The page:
Guide Dog FAQs

Applying and Training with a Guide Dog

Q: Do you have to be totally blind to use a guide dog?

No. Many of our clients have some residual vision; you do need to be legally blind. Good orientation and mobility skills are also essential prior to getting a guide dog.

Q: How old do you have to be to train with a guide dog?

You must be 17 or over to apply but there is no upper age limit.  Each person who applies for a Guide Dog is assessed individually.

Q: What if I have other physical disabilities or health problems?

Many visually impaired people with additional disabilities have successfully qualified with a guide dog. For example, individuals that have suffered from a stroke, as well as individuals with diabetes, asthma, and hearing impairments have qualified for a guide dog.  We would be happy to discuss the implications of your particular disability or health problem to decide whether it would seriously hinder your ability to work with a guide dog.

Q: What breed of dog would I be given?

The breed of dog we offer you will probably be determined by your needs and abilities.  We use Labrador Retrievers, Golden Retrievers, and Lab Golden Retriever Crosses.  Males and females are used in roughly equal numbers and all are spayed or neutered. 

Q: Can I apply to other Guide Dog Schools as well as to Guide Dogs of Texas?

Yes, you may apply to any other Guide Dog School.  We request that you let us know if you are called to attend a training course at another School.  This is simply so we do not continue to look for a suitable dog for you.

Q: Is it okay if I have a pet dog or cat at home?

Yes, many of our dogs are raised in households with cats, dogs, and other pets.  We would require that your pet(s) be current on his vaccines, and heartworm and flea prevention, as well as friendly with other animals.

Guide Dog Access and Etiquette

Q: Is it okay to pet a working guide dog?

It’s important for a working dog to stay focused for the safety of the team. It’s an essential courtesy to first ask for permission from the handler before petting a guide dog. Please never talk to or distract a guide dog while they are working. 

Q: Are guide dogs allowed to go everywhere a person can go?

Yes. According to the Americans with Disabilities Act and Texas State Law, a guide dog is allowed any place a person can go.

Q: What should drivers do when they see a guide dog in training or a blind person using a guide dog or a long cane?

We encourage drivers to be attentive, as you would with any other pedestrians, especially when turning right-on-red. Guide Dogs of Texas trains its guide dogs in real-world situations, so it’s helpful that you continue going on about your business. Please don’t stop and honk, yell out your window, or otherwise distract someone using a guide dog. The person is listening for traffic flow to determine when it is safe to give the command to go forward and cross the street.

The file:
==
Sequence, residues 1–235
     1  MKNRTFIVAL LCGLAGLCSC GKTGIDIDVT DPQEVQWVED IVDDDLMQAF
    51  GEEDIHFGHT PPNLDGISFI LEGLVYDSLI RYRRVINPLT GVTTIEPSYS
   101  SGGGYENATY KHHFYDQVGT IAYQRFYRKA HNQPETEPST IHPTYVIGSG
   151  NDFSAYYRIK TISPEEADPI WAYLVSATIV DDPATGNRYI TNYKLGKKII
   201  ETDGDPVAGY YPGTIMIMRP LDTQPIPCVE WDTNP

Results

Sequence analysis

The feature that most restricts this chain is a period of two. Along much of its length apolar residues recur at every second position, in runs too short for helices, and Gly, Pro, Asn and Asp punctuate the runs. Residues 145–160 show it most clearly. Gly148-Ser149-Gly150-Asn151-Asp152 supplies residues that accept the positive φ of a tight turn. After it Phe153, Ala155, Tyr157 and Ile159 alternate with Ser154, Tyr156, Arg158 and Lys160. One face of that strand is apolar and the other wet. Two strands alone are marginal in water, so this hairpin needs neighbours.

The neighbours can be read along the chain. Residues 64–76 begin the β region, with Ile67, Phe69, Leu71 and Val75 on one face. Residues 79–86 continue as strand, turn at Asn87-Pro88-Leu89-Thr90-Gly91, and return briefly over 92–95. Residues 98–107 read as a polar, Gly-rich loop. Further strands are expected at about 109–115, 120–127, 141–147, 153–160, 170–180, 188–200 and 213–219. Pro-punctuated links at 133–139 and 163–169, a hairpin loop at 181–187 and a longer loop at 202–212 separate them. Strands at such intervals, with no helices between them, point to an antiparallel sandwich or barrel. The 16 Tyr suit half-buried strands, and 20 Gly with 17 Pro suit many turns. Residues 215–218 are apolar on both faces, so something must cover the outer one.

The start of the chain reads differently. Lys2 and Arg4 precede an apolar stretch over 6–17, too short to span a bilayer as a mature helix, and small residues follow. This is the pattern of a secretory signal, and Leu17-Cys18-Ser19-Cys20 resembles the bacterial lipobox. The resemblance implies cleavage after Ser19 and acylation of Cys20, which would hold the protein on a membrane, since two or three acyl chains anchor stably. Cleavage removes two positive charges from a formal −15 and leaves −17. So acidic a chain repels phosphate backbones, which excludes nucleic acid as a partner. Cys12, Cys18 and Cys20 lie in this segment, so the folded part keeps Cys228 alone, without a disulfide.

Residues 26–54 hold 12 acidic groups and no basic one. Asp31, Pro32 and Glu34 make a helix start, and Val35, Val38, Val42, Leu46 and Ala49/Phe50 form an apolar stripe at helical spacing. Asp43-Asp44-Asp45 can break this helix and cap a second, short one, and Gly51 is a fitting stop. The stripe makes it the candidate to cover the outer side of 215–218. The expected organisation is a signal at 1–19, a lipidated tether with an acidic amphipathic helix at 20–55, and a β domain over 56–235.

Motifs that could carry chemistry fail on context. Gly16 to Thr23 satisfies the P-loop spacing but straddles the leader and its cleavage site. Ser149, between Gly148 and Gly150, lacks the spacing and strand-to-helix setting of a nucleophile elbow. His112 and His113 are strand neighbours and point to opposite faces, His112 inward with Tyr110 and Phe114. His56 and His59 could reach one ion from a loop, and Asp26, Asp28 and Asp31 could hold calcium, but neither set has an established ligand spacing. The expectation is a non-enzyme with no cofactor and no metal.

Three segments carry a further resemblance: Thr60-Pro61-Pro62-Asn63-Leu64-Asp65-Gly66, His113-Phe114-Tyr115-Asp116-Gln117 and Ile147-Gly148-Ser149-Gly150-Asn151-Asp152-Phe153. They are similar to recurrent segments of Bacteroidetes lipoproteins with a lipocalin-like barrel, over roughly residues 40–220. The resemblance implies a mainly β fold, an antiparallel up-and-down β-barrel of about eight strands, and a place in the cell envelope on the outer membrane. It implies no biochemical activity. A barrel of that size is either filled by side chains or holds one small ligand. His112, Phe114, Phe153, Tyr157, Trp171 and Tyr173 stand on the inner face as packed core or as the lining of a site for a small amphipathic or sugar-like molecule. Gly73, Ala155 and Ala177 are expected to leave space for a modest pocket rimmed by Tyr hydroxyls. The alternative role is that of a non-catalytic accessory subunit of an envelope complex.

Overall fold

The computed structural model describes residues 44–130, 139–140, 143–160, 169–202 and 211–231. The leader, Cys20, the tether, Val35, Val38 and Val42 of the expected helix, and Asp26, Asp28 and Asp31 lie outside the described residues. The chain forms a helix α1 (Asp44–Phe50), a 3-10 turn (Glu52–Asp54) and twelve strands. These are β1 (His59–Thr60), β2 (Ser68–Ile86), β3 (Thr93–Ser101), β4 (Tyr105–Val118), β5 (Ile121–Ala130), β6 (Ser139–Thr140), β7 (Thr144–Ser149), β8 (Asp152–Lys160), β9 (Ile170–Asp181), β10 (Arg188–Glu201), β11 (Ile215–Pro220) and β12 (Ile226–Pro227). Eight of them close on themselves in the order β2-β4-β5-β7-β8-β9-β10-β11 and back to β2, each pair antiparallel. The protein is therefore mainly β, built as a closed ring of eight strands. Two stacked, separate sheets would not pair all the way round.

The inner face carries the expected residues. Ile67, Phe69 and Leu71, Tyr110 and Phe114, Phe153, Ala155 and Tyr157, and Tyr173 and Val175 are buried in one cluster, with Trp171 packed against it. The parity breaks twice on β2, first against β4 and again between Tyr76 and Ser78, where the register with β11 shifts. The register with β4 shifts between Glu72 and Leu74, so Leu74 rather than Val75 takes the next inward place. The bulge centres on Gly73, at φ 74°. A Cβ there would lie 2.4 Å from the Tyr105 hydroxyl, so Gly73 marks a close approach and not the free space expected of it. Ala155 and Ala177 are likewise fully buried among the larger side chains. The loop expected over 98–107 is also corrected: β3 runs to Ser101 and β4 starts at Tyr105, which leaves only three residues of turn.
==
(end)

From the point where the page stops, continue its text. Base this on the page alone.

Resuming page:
Q: Is it okay for a pet dog to greet a guide dog?

Before you consider allowing your dog to greet a working guide dog, please understand the importance of asking permission first, so the handler can be prepared.  Most of the time its best to not distract the guide dog as it will put the handler in danger as the guide dogs attention will not be on clearing the handler of the dangers and obstacles in the environment. 

Your pet dog should also be on leash and under control at all times. 

Q: What unique skills does a guide dog have?

A guide dog is trained to guide his Client in a straight line unless told otherwise; avoiding obstacles on the ground, to both sides and above.  He will stop at curbs, stairs, and locate doorways to regularly visited destinations.  He should maintain a straight line when crossing a road.

Guide Dogs are also able to find things in their environment, such as crosswalk buttons, bus stops, counters to find assistance and restrooms)

Q: What are some things guide dogs cannot do?

Read traffic signals and determine when to cross the street. Making the judgment as to when it is safe to cross a road with a Guide Dog would be identical to making that judgment when using a long cane.  It is the Client’s responsibility to decide when and where to cross roads. Working a Guide Dog is a partnership that offers a potentially unique, safe and effective way of getting about independently.

Q: Do the guide dogs ever get to play?

Yes! When a guide dog is not working and out of harness, playing and relaxing is definitely encouraged. It’s also a great way for a handler and guide to bond and strengthen their partnership.